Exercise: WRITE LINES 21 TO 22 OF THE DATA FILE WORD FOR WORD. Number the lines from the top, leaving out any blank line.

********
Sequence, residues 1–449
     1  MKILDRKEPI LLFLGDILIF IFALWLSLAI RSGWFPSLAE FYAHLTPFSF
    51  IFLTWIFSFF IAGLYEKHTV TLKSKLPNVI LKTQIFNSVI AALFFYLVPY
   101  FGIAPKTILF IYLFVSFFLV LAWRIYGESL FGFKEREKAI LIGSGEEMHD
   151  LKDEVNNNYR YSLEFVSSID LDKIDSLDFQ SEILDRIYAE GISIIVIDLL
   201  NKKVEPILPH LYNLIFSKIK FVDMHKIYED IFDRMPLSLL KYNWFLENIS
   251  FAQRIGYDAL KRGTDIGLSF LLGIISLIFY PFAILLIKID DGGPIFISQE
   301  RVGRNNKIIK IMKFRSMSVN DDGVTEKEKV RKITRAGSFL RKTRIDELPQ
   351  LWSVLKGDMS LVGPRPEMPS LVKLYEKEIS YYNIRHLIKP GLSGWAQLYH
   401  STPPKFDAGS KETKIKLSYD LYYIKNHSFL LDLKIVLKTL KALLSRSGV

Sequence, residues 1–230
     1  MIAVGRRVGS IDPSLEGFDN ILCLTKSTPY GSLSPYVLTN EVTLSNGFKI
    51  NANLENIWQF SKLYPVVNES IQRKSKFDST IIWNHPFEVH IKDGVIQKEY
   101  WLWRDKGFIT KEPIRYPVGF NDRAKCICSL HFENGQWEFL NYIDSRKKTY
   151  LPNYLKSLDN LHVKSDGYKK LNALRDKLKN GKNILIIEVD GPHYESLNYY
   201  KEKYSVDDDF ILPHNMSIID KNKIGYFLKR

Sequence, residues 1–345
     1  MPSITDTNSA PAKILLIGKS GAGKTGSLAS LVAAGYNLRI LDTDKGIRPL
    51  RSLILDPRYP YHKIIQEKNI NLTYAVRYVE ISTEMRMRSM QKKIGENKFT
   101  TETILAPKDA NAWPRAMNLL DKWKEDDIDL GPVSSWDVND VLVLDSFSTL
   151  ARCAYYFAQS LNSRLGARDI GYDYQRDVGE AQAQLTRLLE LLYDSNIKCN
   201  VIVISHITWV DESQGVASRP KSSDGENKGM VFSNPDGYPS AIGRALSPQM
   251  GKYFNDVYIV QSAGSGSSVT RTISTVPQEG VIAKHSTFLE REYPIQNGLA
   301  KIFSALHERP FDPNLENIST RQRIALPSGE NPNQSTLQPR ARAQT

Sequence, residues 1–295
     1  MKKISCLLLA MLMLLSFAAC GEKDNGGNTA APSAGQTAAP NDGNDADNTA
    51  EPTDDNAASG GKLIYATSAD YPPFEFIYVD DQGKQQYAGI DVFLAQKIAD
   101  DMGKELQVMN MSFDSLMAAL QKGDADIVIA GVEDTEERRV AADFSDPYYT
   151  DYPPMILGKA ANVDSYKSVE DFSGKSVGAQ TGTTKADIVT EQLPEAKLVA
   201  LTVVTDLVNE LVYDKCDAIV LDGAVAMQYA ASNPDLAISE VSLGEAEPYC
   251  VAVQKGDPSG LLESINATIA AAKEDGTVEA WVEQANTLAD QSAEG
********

   151  ARCAYYFAQS LNSRLGARDI GYDYQRDVGE AQAQLTRLLE LLYDSNIKCN
   201  VIVISHITWV DESQGVASRP KSSDGENKGM VFSNPDGYPS AIGRALSPQM